Other types of workouts besides stretching, yoga, and tai chi can combat stress. Exercise encourages your brain to make neurotransmitters that boost your mood and train your body to fight stress-related health problems.
You’re more likely to stick with an exercise program if you start slow and do something you enjoy. Anything that gets you moving can help boost your health!
Take Your Vitamins
Vitamins and minerals help your mind and body function at their best. In particular, your brain uses many types of B vitamins to produce neurotransmitters (brain chemicals) such as serotonin and dopamine that help control your mood and thinking abilities. These neurotransmitters also play a role in conditions like anxiety and depression.
Several studies have found that vitamin B supplements can help reduce stress symptoms and boost mood. Those who don’t get enough nutrients from their diet may be the most likely to benefit from taking more vitamin B.
Omega-3 fatty acids may also help treat depression and reduce stress-related inflammation. You can get more of this nutrient by taking fish oil supplements or by eating more seafood, nuts, and seeds.
Many people with high stress levels also have low magnesium levels. Magnesium could help control cortisol levels and play a role in whether you turn to unhealthy behaviors to manage stress.
Eating a balanced diet containing many different types of whole foods helps you ensure that you are taking in all of the nutrients you need to support your mental health.
Set Aside Self-Care Time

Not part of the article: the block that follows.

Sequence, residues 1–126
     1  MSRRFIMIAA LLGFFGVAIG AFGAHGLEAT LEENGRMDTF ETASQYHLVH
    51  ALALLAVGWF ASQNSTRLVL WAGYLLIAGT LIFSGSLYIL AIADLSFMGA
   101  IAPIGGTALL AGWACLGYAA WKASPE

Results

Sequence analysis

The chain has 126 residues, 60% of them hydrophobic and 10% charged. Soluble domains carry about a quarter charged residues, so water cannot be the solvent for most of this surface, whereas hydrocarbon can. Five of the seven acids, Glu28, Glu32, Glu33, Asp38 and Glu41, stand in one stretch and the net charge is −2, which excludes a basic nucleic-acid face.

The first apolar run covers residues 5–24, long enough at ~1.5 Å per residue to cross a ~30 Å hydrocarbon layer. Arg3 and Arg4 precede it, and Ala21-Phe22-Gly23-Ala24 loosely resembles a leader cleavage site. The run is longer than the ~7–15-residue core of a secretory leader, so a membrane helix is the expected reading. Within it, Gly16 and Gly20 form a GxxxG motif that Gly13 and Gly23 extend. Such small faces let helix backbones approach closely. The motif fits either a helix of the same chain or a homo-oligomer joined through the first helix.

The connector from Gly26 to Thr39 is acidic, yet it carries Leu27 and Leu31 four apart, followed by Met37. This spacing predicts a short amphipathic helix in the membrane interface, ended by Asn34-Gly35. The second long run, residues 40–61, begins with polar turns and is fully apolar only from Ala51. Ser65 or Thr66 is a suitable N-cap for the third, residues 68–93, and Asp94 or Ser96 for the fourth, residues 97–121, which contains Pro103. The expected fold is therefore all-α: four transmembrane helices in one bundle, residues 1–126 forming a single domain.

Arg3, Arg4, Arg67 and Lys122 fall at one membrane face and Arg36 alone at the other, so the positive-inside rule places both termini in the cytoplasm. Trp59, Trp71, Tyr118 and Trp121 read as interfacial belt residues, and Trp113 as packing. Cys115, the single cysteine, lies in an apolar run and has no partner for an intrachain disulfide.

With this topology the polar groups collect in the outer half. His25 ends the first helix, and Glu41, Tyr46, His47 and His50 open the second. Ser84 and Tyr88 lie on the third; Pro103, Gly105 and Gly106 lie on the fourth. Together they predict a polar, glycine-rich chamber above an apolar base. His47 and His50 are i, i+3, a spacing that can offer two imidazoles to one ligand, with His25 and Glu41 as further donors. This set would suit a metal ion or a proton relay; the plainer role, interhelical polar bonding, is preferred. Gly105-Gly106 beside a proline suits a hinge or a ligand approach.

It’s always important to take the time to relax.
Finding time to relax can feel hardest when we’re stressed, but this is when it’s most important to make the time. Try keeping your mornings just for you — do some deep breathing or meditation, step outside for a few minutes, or drink a cup of coffee while reading a book you like. Alternatively, you may find it easier to wind down in the evening with a warm bath or calming music. Take breaks throughout your day to go on a walk or spend time talking to loved ones.
Talk to a Professional
A therapist or counselor can help you deal with ongoing stress, whether you’re experiencing a little more anxiety than usual or you’re completely overwhelmed. They can also teach you tools that help you avoid or deal with stress in the future.
Therapy comes in several forms. You may choose to meet with a mental health professional individually or as part of a group. A therapist may teach you deep breathing exercises, analyze your beliefs or behaviors, understand where your emotions are coming from, problem-solve a specific issue, or help you with something else based on your needs.
Living a Life With Minimal Stress
Although it may not be easy, it’s possible to make lifestyle changes that help you feel less stressed. Even small steps may go a long way when you commit to building healthy habits that fight stress.
If your stress levels feel too high to manage on your own, bring it up with your doctor. You may want to seek additional suggestions, ask about medication that fights anxiety or depression, or get a referral to a mental health provider who can better help you.